• Amazon Best Sellers Rank: #1,564,913 in Books (See Top 100 in Books)

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Most Helpful Customer Reviews

5 of 5 people found the following review helpful By Brian D. Rubendall HALL OF FAME on July 27, 2003
Format: Hardcover
"Science, history and human tragedy collide in a heart-stopping tale of natural catastrophe." - from the dust jacket.
Author Peter Morgan makes a canny choice in his book "Fire Mountain" by focusing on the life of the single survivor of the volcanic eruption of Mount Pelee in Martinique in 1902 that completely destroyed the city of Saint-Pierre. By telling the story of the incredible survival of Ludger Sylbaris and his subsequent career as a sideshow oddity in the Barnum & Bailey circus, Morgan warmly humanizes what otherwie would have just been another run-of-the-mill disaster story.
Morgan carefully reconstructs the events leading up to the destruction of Saint-Pierre, describing the city and the colorful personalities in what was then a French colonial town. Called the "Paris of the Caribbean," it was caught totally unprepared when Pelee began erupting a few months before the final disaster. The residents convinced themselves that they were far enough away to be safe before the mountain exploded in much the same manner as Mount St. Helens, utterly erasing the city from the map.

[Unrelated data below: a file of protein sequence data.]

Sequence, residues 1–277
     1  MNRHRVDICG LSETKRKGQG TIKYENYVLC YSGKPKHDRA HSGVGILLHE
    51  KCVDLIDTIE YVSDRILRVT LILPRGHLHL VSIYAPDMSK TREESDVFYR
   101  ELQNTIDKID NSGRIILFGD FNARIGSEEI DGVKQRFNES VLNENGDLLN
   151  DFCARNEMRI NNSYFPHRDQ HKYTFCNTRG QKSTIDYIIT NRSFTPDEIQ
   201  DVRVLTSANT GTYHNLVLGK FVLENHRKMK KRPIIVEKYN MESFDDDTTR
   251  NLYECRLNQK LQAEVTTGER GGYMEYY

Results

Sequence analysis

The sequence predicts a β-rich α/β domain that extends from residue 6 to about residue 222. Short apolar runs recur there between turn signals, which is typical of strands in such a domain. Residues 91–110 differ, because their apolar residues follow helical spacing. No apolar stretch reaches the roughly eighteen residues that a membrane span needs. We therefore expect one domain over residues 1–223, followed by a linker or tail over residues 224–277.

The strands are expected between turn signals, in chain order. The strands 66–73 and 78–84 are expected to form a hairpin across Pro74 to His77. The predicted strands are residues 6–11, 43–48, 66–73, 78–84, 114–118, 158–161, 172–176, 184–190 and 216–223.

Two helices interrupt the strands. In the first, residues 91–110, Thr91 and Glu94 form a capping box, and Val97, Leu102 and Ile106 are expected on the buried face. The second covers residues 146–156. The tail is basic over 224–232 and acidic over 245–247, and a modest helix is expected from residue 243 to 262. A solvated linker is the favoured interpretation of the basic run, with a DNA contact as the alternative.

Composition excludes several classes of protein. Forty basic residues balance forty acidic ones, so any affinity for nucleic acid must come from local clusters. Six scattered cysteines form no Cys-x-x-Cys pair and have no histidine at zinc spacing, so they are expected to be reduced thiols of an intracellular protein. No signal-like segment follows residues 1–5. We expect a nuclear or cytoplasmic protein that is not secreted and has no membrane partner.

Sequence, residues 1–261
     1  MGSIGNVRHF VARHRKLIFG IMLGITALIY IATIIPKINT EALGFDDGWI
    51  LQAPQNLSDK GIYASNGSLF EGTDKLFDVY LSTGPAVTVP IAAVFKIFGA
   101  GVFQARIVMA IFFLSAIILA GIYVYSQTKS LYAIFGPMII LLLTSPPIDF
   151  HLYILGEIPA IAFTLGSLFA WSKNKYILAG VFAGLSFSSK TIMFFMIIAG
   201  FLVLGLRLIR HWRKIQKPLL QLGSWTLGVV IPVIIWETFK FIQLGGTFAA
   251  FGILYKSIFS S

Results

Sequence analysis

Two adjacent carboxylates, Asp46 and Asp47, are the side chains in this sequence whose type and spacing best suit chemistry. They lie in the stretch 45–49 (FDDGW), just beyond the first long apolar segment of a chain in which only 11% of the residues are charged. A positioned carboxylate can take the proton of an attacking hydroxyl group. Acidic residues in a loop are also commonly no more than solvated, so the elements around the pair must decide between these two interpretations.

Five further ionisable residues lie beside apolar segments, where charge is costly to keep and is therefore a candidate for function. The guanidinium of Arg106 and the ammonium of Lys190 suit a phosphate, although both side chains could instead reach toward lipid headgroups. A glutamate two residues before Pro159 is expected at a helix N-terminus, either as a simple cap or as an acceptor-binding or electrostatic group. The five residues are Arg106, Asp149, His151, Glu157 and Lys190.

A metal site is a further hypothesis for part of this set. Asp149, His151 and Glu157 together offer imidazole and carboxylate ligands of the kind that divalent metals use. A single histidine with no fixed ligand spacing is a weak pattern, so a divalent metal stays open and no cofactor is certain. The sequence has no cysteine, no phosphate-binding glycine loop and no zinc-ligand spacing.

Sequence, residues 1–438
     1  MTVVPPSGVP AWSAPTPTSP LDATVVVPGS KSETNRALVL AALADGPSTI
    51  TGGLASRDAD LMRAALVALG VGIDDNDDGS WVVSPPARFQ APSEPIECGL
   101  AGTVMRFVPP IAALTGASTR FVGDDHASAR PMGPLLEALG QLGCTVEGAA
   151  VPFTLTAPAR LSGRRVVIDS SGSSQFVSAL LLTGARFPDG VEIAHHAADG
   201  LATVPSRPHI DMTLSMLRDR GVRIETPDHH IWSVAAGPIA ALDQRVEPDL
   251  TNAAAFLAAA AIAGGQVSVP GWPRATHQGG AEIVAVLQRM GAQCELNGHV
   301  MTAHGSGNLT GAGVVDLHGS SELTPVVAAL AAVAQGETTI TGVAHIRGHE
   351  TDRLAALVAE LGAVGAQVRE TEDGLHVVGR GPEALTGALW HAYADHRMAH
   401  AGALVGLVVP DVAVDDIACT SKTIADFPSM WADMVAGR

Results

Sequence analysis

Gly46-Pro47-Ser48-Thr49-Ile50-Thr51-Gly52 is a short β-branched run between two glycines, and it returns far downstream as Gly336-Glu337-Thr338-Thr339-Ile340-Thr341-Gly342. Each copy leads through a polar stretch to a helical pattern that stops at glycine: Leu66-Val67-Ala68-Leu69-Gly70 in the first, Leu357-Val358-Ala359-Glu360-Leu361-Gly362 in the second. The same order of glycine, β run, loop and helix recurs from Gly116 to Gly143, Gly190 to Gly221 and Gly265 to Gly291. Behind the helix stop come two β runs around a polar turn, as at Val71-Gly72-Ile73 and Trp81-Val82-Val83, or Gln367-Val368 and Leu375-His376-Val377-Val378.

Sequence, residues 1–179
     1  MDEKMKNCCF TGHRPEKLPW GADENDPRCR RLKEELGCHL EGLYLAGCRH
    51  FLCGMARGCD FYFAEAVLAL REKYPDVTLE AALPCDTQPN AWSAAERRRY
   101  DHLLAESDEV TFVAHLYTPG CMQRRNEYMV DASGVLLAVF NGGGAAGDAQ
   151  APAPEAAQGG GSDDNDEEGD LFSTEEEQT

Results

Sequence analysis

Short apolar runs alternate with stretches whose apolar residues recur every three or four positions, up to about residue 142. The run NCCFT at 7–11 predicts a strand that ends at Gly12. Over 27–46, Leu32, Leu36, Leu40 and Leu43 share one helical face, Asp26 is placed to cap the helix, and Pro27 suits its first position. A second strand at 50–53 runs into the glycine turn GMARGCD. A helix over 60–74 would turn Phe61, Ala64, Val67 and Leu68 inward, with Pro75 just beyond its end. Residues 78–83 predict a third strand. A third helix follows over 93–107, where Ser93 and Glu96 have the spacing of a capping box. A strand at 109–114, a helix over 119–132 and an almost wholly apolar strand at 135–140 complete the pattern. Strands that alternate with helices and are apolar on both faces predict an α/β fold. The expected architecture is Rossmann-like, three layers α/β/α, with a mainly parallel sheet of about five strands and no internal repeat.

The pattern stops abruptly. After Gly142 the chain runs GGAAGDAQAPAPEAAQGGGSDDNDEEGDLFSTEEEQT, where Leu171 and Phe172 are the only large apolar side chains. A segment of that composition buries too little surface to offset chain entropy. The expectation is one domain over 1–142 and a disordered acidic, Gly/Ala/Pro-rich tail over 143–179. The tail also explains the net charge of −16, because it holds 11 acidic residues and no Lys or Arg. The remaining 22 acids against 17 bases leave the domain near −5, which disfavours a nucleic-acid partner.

In the aftermath, resucuers picking over the rubble made a startling discovery. Ludger Sylbaris somehow managed to survive the disaster in a solitary confinement cell in the local jail. Though horribly burned, he became an instant celebrity. When Barnum & Bailey made him a part of the so-called "Greatest Show on Earth," he became the first black man ever to grace the stage of the segregated show.
Morgan is an excellent histroian and a good storyteller, and the book contains numerous photographs and illustrations to help the reader. At just over 230 pages of narrative, this is a highly readable and very enjoyable work.
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1 of 1 people found the following review helpful By A Customer on November 21, 2003
Format: Hardcover
I read this book in two sittings,barely able to put it down. Peter Morgan's description of the ill-fated Saint Pierre painted pictures in my mind. The horror of that fateful day in 1902 I felt was portrayed in an honest yet respectful manner. The only thing I was disapointed with was that there wasn't as much information on Ludger Sylbaris as I had anticipated. Despite this I thoroughly enjoyed the book and would recommend it to anyone interested in history or volcanoes.
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Format: Hardcover Verified Purchase
This was a book I could not put down and have read over multiple times. If you like fact based dramas and have an interest in volcanos, then this should be right up your alley. If Hollywood or better yet PBS made a movie based on this book and stayed close to the author's narrative, it would be one of the better movies of all time. And it really happened !